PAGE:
And these children were tested on their knowledge, of math, science, reading, and the teachers, without knowing their test score, evaluated their proficiency and also evaluated on them on their comportment. Well, it turned out the teachers both for reading, for math as well as science, they gave the boys lower grades than their test scores predicted, far lower grades.

And it turned out, these three economists, two from the University of Georgia, and one from Columbia University, were able to show that teachers factor their attitude toward the child's comportment into the grade. And it's one thing to do this in high school when kids have to be good citizens, but this starts at kindergarten. And so I raise the question, you know, shouldn't we do something to help boys? Shouldn't we meet them half way because I think most parents know little boys entering school are less mature than their female counterparts?

MARTIN: Well, you raise the point in your piece that this has particular consequences for Black and Latino boys who have been a focus of a lot of attention by educators recently or sort of kind of by people who are observing this. Not just educators, but anybody who really cares about, you know, this issue. Why do you think it seems to have a particular effect for Black and Latino boys? Any thoughts?

SOMMERS: Well, I think that a lot of these little boys - well, it's White boys too. If we look at suspension rates, it's all boys. It's 70 percent of the kids who were suspending are boys and there's been just an exponential growth in the number of kids suspended since the 1980s, and a disproportionate numbers of children of color.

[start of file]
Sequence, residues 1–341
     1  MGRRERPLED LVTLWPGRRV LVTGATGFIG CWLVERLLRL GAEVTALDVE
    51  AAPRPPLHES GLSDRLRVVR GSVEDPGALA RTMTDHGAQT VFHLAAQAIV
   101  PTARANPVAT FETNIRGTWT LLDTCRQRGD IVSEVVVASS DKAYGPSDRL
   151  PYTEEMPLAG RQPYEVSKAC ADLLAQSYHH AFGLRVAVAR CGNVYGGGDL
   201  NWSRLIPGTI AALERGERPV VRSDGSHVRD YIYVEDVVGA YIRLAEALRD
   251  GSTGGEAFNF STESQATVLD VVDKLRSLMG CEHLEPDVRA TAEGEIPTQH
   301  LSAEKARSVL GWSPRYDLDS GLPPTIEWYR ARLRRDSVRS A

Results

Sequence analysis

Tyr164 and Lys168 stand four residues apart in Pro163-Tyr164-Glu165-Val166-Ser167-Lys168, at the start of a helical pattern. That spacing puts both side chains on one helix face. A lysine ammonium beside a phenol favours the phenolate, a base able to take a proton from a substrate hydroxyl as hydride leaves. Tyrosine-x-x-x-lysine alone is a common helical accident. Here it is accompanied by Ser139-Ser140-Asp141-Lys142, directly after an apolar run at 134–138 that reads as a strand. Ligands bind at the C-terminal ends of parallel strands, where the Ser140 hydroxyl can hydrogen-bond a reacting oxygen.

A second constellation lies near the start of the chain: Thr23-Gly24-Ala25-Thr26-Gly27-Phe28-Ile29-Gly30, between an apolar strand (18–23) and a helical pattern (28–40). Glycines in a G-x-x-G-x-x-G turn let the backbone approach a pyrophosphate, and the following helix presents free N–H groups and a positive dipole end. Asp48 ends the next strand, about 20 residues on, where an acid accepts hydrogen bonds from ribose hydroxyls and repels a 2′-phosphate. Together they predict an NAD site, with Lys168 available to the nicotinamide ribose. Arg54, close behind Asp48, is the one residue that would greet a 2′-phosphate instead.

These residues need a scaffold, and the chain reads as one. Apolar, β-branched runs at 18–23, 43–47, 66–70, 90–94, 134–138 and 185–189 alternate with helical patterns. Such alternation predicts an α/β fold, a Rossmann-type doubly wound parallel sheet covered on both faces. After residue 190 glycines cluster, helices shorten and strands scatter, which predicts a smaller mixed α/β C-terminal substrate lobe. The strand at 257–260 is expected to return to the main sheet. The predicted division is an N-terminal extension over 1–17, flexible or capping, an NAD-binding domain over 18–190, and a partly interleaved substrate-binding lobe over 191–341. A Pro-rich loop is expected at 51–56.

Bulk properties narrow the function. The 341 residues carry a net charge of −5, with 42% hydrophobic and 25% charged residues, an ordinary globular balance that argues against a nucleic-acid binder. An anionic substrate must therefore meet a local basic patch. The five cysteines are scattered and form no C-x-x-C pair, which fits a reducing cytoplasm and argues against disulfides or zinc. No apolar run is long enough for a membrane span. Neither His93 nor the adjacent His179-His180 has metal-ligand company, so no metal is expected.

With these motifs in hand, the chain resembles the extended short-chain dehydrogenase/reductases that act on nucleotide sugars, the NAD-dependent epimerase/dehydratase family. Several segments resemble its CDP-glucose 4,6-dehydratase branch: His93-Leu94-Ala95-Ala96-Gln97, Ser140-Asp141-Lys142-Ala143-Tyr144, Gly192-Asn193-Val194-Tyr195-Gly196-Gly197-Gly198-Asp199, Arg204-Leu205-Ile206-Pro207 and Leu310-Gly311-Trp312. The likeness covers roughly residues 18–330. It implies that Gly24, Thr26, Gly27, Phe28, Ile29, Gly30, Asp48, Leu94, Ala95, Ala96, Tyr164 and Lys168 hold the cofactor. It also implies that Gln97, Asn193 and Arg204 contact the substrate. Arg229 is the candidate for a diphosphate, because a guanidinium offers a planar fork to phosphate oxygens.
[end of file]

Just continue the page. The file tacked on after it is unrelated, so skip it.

But there's simply an intolerance for high spiritedness among little boys and maybe the teachers come to the classroom - it's understandable that they prefer children who sit still. Girls are better at paying attention, sitting still, and so it's just that boys are going to suffer and I think African-American or Latino boys, from all the data we have, suffer most acutely from simply intolerance of antics and high spiritedness and misbehavior.

MARTIN: How do you respond to people who say that this is actually - it's not that boys are being discriminated against, if I can use that? I know it's a heavy-handed term, I'm just going to use it for now. But this is really more of a corrective, that girls were largely shut out of education for really most of our history and that history is just catching up and that it's just leveling the playing field. How do you respond to that?

SOMMERS: Right. I'm somewhat sympathetic to that because I can understand someone looks at the history of education where women were so long the have-nots, and finally women are getting ahead and suddenly people are complaining about the boys. Where were the complaints when women were behind? Very good question. But I say this as someone who became a feminist many years ago because I did not appreciate favoritism and male chauvinism. But the answer to favoritism and male chauvinism is not to turn tables and practice it against little boys and men.

It's basic fairness. And I think that our schools have done a lot to meet girls halfway, to strengthen them, specifically in math and science. Why don't we try that with boys, strengthen their reading and writing skills, make school more fun, engage them. And I'm not saying - we're not going to be able to turn them into girls. There have been efforts to try to transform gender and liberate them from their masculinity.

Most of these have not worked. What seems to work are lots of examples we have from the British where you channel that energy. You channel that sort of hyperactive spirit toward good ends.